The operatic version of Patrick White’s novel is legendary. How long have we to wait before someone takes up the cause?
Has there ever been an Australian opera with a more protracted, turbulent and truncated history? Patrick White’s 1957 novel Voss was loosely based on the expeditions of Ludwig Leichhardt in the 1840s. The writer created an obsessed German explorer attempting to traverse our uncharted continent. Rich in so many issues embodying European heritage, national identity and Indigenous culture, Voss has long fascinated painters and film-makers, and a brave handful of composers, among these Moya Henderson and Barry Conyngham.
Critically, it was Peter Hemmings, General Manager of The Australian Opera, who hit upon a solution for bringing Voss to the operatic stage. Hemmings approached David Malouf whose early sketches persuaded the skeptical composer Richard Meale that the impossible was indeed possible: Voss could become an opera.
Robert Eddie as Judd in the original production of Voss. Photo © Don McMurdo
Egged on by director Jim Sharman, it took Meale seven tumultuous years to produce his opera from Malouf’s libretto. Had there ever been such anticipation and excitement in Australian music? Had that elusive beast, ‘the great Australian opera,’ finally arrived?
Voss headlined the Adelaide Festival in March 1986 with five Festival Theatre performances. In June, it opened OA’s Sydney winter season with ten performances and in March 1987 it moved to Melbourne. Three cities produced a combined box office of around 67 per cent, much better than some more traditional fare those seasons.
In late 1986, Stuart Challender recorded the opera with the SSO and its original cast in the Goossens Auditorium, a stunning performance subsequently released by ABC/Philips, with worldwide release by Polygram. The final 1987 Melbourne performances were simulcast on ABC Classic FM and TV. At the time, Sharman remarked that “the understated intensity of an opera like Voss seems ideal for translation to the small screen [although inevitably] you lost some sense of the scale, the broad sweep of events”.
Voss was revived for AO’s 1990 subscription season, Dobbs Franks, replacing a declining Challender who had barely a year to live. After scarcely two dozen performances in three cities, Voss was last seen in July 1990. The production team disbanded, sets and costumes were dismantled and an important moment in Australian music passed into memory.
More than a quarter-century later, an entire generation has not had the opportunity to see ‘the great Australian opera’. Questions arise: is it flawed? irrelevant? dangerous (in terms of box office)? Why have we not seen it since 1990, and why do we need to see it?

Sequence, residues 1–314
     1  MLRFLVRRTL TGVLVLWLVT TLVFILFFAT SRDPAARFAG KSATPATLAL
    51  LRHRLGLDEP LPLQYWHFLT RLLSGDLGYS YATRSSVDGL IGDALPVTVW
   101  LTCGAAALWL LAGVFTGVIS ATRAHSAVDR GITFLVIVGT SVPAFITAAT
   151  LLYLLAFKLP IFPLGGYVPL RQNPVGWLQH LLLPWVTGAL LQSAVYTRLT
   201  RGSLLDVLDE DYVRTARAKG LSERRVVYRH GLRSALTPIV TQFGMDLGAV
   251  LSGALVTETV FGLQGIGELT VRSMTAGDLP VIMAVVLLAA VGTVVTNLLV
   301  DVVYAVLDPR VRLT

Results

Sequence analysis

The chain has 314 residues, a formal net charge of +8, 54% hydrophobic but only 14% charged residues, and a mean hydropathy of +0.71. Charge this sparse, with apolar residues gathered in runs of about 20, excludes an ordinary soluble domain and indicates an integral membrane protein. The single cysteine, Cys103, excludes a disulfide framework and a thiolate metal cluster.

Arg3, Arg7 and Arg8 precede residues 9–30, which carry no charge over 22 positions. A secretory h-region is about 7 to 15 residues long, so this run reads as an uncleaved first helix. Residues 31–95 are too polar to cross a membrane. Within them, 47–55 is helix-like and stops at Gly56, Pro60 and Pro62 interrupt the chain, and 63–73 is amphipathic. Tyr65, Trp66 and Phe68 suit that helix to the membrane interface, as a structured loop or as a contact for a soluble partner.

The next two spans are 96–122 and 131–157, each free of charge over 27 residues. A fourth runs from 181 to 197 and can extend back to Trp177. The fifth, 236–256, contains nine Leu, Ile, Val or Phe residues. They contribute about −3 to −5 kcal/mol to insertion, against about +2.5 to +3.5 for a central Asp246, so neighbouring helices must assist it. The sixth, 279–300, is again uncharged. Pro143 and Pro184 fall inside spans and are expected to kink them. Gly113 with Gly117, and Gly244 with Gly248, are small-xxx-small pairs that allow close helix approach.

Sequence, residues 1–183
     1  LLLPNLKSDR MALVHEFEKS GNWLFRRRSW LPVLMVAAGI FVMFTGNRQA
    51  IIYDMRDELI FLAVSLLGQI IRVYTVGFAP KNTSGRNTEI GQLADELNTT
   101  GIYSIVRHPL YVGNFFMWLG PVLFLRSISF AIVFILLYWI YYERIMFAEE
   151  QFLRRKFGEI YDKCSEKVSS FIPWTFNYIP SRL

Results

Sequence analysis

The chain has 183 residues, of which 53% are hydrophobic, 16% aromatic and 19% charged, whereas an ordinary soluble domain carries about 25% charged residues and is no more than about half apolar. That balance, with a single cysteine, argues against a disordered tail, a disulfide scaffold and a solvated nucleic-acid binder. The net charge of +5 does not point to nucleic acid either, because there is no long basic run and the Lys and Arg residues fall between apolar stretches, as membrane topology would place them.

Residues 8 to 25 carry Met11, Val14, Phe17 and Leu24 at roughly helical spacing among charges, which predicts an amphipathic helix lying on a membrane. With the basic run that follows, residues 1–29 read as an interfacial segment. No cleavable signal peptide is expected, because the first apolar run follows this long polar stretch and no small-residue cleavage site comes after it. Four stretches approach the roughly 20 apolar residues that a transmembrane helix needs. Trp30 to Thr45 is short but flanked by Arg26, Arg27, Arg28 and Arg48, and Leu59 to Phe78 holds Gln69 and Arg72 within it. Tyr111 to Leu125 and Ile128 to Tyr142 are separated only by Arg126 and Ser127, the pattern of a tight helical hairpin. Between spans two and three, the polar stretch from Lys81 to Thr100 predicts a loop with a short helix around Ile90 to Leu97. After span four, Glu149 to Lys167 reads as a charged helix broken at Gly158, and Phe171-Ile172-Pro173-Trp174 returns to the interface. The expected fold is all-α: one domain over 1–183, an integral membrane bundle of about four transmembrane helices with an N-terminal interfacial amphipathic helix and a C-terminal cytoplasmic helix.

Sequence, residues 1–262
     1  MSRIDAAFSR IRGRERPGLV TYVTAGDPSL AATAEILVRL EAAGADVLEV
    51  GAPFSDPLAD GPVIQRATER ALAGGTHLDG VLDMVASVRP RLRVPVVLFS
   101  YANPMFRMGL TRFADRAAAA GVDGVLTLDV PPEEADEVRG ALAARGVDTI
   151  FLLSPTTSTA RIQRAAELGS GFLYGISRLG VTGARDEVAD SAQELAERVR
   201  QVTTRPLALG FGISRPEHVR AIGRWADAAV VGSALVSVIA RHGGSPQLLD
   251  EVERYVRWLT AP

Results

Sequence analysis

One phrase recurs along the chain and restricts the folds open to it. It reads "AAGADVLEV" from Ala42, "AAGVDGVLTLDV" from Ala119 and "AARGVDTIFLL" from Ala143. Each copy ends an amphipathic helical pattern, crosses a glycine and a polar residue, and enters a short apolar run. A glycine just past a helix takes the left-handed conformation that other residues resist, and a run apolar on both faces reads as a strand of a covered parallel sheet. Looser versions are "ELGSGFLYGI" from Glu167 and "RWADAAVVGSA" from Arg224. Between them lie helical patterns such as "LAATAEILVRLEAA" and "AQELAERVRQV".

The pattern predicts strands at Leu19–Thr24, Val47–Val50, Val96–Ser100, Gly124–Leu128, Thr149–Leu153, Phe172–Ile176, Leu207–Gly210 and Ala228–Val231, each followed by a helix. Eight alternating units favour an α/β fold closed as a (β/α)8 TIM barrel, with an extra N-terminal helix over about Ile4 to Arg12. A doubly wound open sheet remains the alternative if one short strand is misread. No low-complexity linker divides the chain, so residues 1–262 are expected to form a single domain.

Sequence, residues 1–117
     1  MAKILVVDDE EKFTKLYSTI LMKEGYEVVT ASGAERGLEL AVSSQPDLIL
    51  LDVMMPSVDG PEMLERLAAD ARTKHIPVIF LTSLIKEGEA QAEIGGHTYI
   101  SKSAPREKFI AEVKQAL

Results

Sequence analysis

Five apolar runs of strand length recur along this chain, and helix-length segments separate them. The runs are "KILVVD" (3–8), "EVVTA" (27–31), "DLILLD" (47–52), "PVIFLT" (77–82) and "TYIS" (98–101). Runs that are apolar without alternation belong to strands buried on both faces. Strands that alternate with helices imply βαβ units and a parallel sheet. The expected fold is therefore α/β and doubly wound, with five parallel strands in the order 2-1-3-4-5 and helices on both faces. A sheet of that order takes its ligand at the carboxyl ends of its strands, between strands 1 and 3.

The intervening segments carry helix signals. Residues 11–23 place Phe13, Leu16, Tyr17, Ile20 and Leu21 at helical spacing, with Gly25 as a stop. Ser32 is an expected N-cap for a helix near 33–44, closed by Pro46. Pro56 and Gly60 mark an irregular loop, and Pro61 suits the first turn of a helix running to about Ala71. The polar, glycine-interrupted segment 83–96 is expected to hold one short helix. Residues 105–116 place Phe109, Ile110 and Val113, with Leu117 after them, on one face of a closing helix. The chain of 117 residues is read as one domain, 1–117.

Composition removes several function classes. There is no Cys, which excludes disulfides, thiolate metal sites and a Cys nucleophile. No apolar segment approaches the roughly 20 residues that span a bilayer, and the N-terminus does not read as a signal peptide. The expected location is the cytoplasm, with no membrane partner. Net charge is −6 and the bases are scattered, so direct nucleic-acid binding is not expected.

Having studied the troubled history of Voss for over a decade, I have come to agree that the third act is indeed problemmatic, but not to the point of inhibiting its reappearance. (Meale’s archive at the NLA even reveals another ending.) Perhaps in this internet age of virtual romances, an opera set in Australia’s colonial past is no longer fashionable. Why waste time and precious resources on a revival, say the intendants, when we could create a new opera? (Nearly all Australian operas die after their premiere seasons, perpetuating the whole sorry cycle.) Yes, we are grateful for the recording and the television video, and our waning memories – many of the original players are now deceased, or perilously elderly – but none of this can compensate for the experience of a live production. Not a revival of the original production, Sharman has counselled, but a totally new one, by a younger team that can bring new perspective and life to the enterprise.
Although it originated in Adelaide, the future of Voss should not be expected from its city of origin. It is equally a Sydney story, a Brisbane story, a national story. Rumours of new productions surface from time to time, then dissipate. If not our national company, or even a state company, perhaps we may see it taken up by one of the less timorous teaching institutions?
There is no denying that, for its brief four years and two dozen performances, Voss was a shining moment in Australian history. It’s the opera we continue to read about, listen to and discuss, but why have we not seen it? Until we do see it again, our history and culture are lacking.
Vincent Plush has spent a decade researching Voss and advocating for a new production. He recently submitted his PhD thesis: Music in the Life and Work of Patrick White